chopper15
06-01-11, 00:01
Because the Law is not ambiguous, and the game has been played in this way for a great many years without anyone bringing it into question.

If the members were asked to rule they would probably simply raise an eyebrow and wonder whether the questioner had ever played rugby.

Just caught your answer, Davet.

With respect is that what you believe? Not ambiguous? No one bringing it into question? And if brought into question just raise an eyebrow and wonder?

Pull the other one!:clap:

OB..
06-01-11, 02:01
Let's try the Socratic approach:

Do you accept that the player who knocks on CANNOT be offside from the knock-on?

(Yes or no is the preferred answer.)

SimonSmith
06-01-11, 02:01
Let's try the Socratic approach

Damn. For a moment there I thought you were going to suggest hemlock :)

Davet
06-01-11, 10:01
Of course there is no ambiguity - the Law is clear.

You want to change the Law, not clarify it.

You base your desire for change on a percieved unfairness - which no-one else sees.

You may regard youself as a voice crying in the wilderness, but I don't think you are paving the way for anything.

chopper15
06-01-11, 19:01
. . . and those answers are accepted by most - if not all - refs? :Looser:

OB..
06-01-11, 20:01
. . . and those answers are accepted by most - if not all - refs? :Looser:

We have been discussing this with you for 115 posts. Is that not enough?


Let's try the Socratic approach:

Do you accept that the player who knocks on CANNOT be offside from the knock-on?

(Yes or no is the preferred answer.)

chopper15
06-01-11, 21:01
Let's try the Socratic approach:

Do you accept that the player who knocks on CANNOT be offside from the knock-on?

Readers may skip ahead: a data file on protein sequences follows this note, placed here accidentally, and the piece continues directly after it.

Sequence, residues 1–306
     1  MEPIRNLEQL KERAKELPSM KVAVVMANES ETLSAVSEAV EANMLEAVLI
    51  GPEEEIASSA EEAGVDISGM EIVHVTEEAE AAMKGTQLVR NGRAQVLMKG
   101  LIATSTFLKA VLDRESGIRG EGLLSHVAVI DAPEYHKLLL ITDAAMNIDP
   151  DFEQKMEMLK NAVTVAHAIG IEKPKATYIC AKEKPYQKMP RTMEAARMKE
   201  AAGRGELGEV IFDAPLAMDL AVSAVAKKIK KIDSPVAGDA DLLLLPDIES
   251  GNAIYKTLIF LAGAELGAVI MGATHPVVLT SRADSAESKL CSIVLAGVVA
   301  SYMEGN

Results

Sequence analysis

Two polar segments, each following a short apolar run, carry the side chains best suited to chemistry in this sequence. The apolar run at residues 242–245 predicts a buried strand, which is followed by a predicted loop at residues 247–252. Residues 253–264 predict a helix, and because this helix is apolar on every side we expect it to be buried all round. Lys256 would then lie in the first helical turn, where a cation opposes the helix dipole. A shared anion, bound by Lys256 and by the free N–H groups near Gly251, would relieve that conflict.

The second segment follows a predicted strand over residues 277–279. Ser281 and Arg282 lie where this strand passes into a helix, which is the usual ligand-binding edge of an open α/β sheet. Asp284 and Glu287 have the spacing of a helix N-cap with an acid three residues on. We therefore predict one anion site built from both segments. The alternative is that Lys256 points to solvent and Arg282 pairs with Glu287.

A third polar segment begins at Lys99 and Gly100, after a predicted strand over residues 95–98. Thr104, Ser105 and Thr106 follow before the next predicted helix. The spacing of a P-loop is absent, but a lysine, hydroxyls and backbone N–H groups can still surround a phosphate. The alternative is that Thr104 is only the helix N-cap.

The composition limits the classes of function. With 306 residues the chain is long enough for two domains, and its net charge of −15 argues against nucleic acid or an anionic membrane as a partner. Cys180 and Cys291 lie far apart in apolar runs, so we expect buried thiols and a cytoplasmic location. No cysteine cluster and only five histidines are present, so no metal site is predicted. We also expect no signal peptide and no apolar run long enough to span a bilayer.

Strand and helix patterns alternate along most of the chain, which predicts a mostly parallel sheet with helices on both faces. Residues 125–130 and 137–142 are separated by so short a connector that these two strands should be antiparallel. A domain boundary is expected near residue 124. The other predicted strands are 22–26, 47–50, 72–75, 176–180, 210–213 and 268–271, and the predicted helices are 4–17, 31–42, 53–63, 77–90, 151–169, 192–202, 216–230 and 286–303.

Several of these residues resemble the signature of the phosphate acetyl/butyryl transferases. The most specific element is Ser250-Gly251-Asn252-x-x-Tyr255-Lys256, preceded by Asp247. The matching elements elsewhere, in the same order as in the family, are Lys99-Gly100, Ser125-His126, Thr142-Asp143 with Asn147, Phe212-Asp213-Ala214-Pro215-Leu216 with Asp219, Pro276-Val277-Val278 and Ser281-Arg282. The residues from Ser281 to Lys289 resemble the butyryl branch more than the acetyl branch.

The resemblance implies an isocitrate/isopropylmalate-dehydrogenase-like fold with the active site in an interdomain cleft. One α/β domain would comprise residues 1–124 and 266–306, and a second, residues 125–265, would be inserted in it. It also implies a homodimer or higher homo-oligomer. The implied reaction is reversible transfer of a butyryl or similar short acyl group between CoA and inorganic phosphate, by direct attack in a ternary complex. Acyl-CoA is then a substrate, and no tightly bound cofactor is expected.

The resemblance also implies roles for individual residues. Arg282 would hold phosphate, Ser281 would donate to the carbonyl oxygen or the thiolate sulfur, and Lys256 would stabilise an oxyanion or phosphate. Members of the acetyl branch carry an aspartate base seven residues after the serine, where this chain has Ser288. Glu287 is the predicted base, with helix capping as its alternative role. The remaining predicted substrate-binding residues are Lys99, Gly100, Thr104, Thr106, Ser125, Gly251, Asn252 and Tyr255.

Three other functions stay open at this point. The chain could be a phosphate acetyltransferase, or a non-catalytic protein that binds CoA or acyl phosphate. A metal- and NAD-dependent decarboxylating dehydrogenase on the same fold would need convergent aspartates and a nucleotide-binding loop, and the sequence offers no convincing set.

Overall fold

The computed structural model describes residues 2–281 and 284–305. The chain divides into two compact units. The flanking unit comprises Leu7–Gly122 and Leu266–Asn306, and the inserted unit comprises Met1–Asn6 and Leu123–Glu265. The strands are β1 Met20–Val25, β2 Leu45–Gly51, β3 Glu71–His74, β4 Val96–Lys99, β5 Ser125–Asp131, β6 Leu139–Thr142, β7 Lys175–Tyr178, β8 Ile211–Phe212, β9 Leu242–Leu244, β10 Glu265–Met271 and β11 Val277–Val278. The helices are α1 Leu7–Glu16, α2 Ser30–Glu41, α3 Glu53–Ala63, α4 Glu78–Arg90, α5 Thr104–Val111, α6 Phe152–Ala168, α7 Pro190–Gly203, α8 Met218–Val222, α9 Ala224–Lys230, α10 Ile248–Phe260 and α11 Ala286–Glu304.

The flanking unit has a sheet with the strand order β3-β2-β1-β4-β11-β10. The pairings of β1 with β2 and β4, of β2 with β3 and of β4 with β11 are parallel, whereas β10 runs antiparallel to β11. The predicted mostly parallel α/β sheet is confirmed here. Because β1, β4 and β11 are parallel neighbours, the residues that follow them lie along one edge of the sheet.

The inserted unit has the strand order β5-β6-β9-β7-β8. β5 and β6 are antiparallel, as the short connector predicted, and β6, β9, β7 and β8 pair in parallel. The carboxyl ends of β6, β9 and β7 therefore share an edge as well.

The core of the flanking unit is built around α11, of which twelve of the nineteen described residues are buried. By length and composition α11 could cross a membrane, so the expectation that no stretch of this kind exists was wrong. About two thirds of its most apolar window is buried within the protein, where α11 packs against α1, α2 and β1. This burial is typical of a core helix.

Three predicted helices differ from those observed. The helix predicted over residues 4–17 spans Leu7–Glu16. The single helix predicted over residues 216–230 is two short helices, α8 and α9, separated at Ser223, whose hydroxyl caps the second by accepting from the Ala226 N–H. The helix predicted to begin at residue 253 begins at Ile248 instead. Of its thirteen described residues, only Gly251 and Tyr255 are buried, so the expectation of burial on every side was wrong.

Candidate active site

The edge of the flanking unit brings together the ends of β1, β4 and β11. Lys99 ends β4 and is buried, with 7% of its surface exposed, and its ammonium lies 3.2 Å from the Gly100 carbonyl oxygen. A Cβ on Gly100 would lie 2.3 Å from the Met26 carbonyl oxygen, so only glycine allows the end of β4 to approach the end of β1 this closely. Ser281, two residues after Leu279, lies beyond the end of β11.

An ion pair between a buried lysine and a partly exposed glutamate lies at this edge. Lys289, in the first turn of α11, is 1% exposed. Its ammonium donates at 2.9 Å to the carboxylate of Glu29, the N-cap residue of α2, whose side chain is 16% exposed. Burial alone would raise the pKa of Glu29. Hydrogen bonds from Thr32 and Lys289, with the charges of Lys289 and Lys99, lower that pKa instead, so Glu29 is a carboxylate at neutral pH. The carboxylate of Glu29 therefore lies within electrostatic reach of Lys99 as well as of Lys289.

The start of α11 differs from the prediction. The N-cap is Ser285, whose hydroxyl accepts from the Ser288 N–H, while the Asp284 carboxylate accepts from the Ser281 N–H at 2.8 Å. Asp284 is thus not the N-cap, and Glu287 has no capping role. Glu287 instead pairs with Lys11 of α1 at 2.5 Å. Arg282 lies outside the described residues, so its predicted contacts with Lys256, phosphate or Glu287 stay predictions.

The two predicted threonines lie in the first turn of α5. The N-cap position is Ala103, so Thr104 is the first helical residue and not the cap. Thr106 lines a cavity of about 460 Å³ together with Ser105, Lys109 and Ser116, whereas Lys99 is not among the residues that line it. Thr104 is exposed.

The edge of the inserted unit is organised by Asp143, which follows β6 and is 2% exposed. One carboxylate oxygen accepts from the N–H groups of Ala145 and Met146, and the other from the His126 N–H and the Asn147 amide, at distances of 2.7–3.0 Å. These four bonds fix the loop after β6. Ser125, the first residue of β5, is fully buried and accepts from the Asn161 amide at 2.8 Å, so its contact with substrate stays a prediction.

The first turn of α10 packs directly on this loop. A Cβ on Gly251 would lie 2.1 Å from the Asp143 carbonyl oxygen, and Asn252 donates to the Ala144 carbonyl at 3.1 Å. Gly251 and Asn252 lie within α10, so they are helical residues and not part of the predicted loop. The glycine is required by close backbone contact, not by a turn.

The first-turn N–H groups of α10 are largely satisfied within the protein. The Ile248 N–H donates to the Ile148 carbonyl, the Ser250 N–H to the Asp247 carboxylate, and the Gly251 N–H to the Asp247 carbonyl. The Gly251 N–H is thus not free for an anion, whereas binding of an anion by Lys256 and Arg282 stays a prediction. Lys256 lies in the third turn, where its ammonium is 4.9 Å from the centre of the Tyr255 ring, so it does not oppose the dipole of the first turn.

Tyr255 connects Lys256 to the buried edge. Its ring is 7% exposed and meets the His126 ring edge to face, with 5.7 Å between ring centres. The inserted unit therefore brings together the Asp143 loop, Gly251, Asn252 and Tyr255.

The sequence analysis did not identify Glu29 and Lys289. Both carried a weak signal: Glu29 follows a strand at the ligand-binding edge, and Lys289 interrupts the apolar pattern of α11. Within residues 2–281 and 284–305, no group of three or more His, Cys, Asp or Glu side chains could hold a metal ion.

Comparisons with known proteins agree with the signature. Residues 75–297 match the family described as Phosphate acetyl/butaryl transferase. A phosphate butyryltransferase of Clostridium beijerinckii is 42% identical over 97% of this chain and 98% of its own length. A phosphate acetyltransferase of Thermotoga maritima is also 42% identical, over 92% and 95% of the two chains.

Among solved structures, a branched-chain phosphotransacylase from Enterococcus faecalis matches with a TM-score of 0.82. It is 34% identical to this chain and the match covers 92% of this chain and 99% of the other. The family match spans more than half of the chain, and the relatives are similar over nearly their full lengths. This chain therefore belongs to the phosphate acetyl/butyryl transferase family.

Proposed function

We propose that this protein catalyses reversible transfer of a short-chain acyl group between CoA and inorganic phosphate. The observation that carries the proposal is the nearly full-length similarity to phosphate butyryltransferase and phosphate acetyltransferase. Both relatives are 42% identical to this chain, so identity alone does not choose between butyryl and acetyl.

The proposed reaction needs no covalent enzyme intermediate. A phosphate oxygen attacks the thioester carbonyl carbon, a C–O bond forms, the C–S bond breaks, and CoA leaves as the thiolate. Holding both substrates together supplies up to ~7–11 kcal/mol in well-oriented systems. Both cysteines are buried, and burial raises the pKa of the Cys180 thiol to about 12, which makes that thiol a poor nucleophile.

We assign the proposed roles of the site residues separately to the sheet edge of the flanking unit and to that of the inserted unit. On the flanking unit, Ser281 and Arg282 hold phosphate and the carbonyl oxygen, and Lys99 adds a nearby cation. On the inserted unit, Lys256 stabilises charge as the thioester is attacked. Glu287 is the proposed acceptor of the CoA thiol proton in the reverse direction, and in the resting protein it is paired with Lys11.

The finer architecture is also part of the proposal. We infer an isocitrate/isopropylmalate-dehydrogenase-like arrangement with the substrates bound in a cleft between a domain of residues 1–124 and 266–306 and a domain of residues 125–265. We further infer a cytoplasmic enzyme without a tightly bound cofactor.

(Yes or no is the preferred answer.)

I think I'm beginning to see where you're all coming from, OB.

Socratic utterances did not always succeed in confirming an answer.:clap:

His ignorance of a subject, which he admitted to, was used to further self-criticism and by way of debate he would then, hopefully, arrive at a truer understanding of the question proposed.

So, for starters, I'll answer your query with a 'no'. :hap:

OB..
06-01-11, 22:01
So, for starters, I'll answer your query with a 'no'. :hap:

In that case, how do you claim the law puts the player offside?

tim White
06-01-11, 22:01
So, for starters, I'll answer your query with a 'no'. :hap:

Good try, but wrong; Have another go.:cool:

chopper15
06-01-11, 23:01
Good try, but wrong; Have another go.:cool:

Yes?:sad:

Eureka! That Socrates was no fool was he?:clap:

Davet
06-01-11, 23:01
Well done.

Progress may may be occurring.:eek: :)

chopper15
07-01-11, 00:01
Well done.

Progress may may be occurring.:eek: :)

What exactly are those face thingies telling me Davet? For some reason my iPad won't display their message. :sad:

Any remedy, please?

ianh5979
07-01-11, 09:01
Chopper what on earth are you doing with modern technology like that?:D

Dixie
07-01-11, 10:01
For some reason my iPad won't display their message. :sad:

Any remedy, please? Cheap and nasty product - buy an Android device instead. Oh - and make a new year resolution not to pay hugely over the odds for cheap tat just because it's fashionable.

Dickie E
07-01-11, 13:01
Chopper,

forget the iPod, iPad and iPhone. Go for the iRon:

chopper15
07-01-11, 20:01
Cheap and nasty product - buy an Android device instead. Oh - and make a new year resolution not to pay hugely over the odds for cheap tat just because it's fashionable.

I don't think I'll pass on your advice to Mrs Chopper, she gave it to me for Christmas.:sad:

. . . . it is rather beautiful, Dixie, and how do you compare tat with tat?:hap:

Davet
07-01-11, 22:01
Whatever you want them to mean, Chopper.

chopper15
08-01-11, 01:01
Whatever you want them to mean, Chopper.

The double 'may' suggests uncertainty to me, Davet.:sad:

Davet
08-01-11, 13:01
Or a typo

tim White
08-01-11, 17:01
It is a part of the small print of SOD'S Law -you only find out how good something is AFTER you have paid for it -it is rarely better than you expected. :(